"Getting involved with Wal-Mart at the strategy-setting side has been a significant change from us saying ‘We don’t like what you’re doing,’ then they make a decision and let us know and we’d say ‘That’s good, but this would be better,’ " says Michelle Harvey, EDF’s project manager of corporate partnerships. "Now, they sit down and say, ‘Give us your thoughts on what we should do about this.’ It’s not that we direct it, but we have a greater potential to influence the direction they take." In 2007, EDF opened an office in Wal-Mart’s hometown of Bentonville, Ark.

For companies, partnering with nongovernmental organizations (NGOs) comes down to managing risk.

"The best risk-management practice is to identify places where there’s ambiguity about how activist groups will respond to an action," says Mr. Coughlan. "If you can get the [group] sharing that with you in advance of setting that strategy, you’ve done a service to the firm in reducing risk."

Of course, there’s still risk on both sides. The company’s programs can come off looking like a public-relations maneuver. Activists, who potentially gain access to resources as well as decisionmakers, run the risk of looking like sellouts.

"It’s a very fine line for the nonprofits to walk," says Coughlan. "Their missions sometimes get clouded when they get so close to the organizations they once worked against." The result is often a relationship of cautious optimism. "You can find examples of relationships built over years with good outcomes, but in 2009, 2010, most fall under the category of each side cautiously monitoring the other to make sure each side lives up to what they’ve promised," he adds.

When EDF and Wal-Mart started to work together, Ms. Harvey fielded many calls from angry EDF supporters and had to convince people at Wal-Mart "that we weren’t there to throw rocks at them." She now describes the partnership as "positive and productive." Neither EDF nor the other NGOs in this story take money for their corporate consulting. EDF relies instead on donor underwriting.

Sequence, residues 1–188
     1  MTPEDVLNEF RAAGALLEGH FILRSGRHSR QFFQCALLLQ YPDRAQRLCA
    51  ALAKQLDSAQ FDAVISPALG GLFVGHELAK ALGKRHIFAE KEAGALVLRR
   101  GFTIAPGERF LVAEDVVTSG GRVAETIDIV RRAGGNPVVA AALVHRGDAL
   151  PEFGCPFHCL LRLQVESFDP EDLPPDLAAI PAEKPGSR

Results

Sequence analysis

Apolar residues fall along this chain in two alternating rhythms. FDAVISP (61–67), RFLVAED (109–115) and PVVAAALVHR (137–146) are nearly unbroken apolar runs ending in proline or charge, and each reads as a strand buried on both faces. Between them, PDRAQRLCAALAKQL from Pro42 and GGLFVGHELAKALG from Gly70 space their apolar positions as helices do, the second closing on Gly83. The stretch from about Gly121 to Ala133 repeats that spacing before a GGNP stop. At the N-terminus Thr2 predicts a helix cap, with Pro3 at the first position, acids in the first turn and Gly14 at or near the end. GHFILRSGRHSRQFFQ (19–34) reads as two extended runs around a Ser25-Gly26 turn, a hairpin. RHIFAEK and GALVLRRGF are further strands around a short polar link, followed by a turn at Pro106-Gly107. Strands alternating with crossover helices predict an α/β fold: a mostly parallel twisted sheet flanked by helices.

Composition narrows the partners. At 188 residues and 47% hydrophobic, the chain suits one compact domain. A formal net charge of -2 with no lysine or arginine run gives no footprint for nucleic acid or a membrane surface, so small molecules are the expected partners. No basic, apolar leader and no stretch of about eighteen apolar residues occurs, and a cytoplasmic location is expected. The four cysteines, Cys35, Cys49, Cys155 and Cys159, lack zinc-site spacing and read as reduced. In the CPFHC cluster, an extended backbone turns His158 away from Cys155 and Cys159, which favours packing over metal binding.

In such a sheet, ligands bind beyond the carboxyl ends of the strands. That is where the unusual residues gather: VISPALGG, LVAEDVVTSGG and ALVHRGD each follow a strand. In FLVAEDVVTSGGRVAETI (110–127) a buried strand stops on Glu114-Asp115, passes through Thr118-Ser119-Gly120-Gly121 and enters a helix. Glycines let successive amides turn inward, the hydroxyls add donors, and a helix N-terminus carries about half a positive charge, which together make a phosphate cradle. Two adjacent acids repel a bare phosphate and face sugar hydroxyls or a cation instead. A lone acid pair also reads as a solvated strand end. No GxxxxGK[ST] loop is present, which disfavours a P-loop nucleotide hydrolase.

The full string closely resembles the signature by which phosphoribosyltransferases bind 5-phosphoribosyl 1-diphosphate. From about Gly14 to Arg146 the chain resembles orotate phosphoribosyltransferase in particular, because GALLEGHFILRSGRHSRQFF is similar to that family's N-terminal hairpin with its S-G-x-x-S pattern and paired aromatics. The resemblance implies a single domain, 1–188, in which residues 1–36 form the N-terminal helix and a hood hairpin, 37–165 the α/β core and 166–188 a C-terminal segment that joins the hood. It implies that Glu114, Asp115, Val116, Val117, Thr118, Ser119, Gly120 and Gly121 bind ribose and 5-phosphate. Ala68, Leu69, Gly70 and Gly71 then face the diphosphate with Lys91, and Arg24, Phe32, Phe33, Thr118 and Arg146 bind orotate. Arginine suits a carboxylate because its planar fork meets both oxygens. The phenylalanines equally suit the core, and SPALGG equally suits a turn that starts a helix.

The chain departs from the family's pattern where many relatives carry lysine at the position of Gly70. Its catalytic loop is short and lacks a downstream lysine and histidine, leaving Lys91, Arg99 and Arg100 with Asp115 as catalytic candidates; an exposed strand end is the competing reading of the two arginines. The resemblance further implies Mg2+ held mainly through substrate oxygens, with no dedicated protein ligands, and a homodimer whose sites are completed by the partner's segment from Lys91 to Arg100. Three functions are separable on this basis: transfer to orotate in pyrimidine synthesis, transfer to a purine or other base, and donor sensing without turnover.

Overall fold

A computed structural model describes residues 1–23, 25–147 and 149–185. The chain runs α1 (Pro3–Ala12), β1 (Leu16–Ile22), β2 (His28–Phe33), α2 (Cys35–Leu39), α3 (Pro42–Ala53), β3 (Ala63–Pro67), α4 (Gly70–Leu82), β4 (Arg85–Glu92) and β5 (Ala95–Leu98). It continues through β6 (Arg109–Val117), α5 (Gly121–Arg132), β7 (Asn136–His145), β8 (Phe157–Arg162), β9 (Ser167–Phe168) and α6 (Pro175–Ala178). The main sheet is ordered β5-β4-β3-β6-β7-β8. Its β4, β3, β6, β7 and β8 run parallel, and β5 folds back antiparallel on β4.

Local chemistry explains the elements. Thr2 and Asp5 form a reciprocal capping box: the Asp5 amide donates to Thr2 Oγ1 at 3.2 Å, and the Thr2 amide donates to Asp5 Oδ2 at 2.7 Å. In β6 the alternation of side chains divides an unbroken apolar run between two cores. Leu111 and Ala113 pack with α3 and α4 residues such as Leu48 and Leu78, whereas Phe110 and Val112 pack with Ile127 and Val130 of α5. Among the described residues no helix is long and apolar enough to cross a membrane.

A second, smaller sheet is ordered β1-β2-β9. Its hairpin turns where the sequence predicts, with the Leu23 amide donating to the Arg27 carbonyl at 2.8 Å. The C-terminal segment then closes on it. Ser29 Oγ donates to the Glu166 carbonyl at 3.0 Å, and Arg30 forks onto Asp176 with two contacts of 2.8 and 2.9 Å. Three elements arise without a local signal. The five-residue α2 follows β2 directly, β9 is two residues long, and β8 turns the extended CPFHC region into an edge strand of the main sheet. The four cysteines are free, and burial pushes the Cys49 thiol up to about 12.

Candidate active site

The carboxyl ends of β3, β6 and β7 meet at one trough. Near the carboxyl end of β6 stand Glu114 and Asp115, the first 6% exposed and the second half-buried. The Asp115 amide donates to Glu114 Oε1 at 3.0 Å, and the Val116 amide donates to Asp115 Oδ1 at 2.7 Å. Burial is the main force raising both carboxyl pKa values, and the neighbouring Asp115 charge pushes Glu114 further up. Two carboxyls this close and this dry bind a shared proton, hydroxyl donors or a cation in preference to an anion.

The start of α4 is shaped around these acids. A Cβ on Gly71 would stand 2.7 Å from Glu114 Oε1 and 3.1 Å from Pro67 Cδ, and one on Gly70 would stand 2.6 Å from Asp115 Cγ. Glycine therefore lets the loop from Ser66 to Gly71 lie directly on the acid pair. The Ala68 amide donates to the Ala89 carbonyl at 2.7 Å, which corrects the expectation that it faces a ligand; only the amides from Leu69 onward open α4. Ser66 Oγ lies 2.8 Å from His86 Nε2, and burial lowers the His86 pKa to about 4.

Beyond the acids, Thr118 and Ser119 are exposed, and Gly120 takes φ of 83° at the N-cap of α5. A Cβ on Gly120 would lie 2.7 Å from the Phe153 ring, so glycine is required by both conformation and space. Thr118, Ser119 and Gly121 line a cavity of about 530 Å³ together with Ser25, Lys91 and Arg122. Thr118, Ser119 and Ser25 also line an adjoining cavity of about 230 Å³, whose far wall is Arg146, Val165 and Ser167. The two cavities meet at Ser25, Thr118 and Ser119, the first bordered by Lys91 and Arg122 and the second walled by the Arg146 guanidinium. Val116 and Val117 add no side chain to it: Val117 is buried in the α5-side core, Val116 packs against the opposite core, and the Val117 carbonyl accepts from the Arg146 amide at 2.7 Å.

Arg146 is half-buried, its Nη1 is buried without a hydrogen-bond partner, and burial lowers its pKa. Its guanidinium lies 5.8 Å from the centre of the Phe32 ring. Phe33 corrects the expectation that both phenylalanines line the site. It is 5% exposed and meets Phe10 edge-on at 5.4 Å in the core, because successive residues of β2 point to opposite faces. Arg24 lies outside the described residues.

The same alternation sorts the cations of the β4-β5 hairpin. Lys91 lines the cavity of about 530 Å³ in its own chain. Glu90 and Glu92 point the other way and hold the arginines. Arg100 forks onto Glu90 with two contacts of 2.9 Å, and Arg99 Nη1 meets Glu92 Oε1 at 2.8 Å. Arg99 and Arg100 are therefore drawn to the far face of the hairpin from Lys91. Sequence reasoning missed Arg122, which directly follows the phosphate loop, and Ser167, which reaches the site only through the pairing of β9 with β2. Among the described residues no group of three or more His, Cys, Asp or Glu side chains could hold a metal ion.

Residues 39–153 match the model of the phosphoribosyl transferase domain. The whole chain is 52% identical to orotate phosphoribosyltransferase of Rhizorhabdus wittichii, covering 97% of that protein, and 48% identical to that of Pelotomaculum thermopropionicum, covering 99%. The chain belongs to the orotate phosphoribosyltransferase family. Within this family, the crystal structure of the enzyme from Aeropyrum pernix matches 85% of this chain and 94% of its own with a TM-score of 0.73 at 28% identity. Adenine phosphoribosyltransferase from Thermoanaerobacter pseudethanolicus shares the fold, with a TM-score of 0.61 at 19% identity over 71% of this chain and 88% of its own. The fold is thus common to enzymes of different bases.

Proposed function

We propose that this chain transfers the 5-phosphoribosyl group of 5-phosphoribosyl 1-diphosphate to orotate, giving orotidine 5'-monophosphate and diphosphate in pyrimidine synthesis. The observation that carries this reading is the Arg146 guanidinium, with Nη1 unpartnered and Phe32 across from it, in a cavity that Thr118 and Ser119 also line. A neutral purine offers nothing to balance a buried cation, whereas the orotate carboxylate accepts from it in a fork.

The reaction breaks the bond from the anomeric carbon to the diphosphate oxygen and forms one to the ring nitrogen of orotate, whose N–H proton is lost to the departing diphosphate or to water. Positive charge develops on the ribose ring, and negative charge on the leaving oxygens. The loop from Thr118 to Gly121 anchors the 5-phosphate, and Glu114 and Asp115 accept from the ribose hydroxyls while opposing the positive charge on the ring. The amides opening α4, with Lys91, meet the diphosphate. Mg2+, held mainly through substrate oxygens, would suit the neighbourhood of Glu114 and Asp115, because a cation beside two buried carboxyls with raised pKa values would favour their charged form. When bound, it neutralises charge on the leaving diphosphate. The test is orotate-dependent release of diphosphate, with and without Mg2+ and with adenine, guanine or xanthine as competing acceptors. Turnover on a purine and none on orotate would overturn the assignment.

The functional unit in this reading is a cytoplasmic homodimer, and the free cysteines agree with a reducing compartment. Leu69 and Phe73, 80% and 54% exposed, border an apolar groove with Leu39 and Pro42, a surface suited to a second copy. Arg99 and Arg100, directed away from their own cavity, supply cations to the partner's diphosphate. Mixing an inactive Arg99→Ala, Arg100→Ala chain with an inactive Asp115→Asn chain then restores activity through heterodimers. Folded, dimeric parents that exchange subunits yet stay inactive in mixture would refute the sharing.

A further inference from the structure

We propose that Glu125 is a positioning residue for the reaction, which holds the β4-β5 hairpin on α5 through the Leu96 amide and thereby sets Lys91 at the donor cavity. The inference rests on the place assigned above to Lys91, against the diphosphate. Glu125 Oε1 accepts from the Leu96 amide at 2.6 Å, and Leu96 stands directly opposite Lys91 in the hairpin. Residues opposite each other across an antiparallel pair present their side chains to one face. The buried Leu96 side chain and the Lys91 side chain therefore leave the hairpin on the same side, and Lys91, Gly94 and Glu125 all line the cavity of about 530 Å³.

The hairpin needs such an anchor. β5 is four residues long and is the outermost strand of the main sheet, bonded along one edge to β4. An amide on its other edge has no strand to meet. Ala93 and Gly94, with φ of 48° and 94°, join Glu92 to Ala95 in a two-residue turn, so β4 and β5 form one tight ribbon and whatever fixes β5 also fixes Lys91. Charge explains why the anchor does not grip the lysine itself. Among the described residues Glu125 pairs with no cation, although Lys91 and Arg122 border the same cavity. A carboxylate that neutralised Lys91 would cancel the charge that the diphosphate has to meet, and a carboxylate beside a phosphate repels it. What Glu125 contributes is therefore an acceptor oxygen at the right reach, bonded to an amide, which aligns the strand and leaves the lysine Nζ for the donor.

This activist-corporation dance can be delicate. In mid-decade, Oxfam and Starbucks formed a pilot project to improve conditions for Ethiopian coffee growers. Then, in 2006, the international relief and development agency launched a campaign to press the coffee conglomerate to recognize the right of Ethiopian coffee growers to trademark their product, thereby giving the African growers more control over their brand, and putting more money in the pockets of poor farmers. The NGO and the firm battled publicly until 2007, when Starbucks and Ethiopia signed a licensing agreement.

Now, Oxfam and Starbucks have put those tensions aside to work together (as part of a consortium of businesses and activists) on policy initiatives related to climate change, an issue hitting Starbucks’ supply chain in the developing world.

"What we have found is we get a lot more traction moving public-policy positions forward if we can bring a wider range of advocates to the table," says Chris Jochnick, director of the private-sector department at Oxfam America in Boston. "These NGO-private sector coalitions can be much more effective in terms of advocating for a position."

When a company the size of Wal-Mart, Kraft, or Ford makes even small voluntary changes, they create a huge ripple effect. Having such a powerhouse in the activist group’s corner helps strengthen its position when it comes to regulatory issues, too. Still, Harvey says nonprofits need to be mindful of "greenwashing" – corporate attempts to appear environmentally friendly without making substantial change – and of getting too cozy with the corporation.

"I think there’s a growing recognition whether you’re a for-profit or a nonprofit or a government agency, that we all want the same healthy, safe environment for ourselves and our family," she continues, "but I think there will probably always be a need for people with protest signs."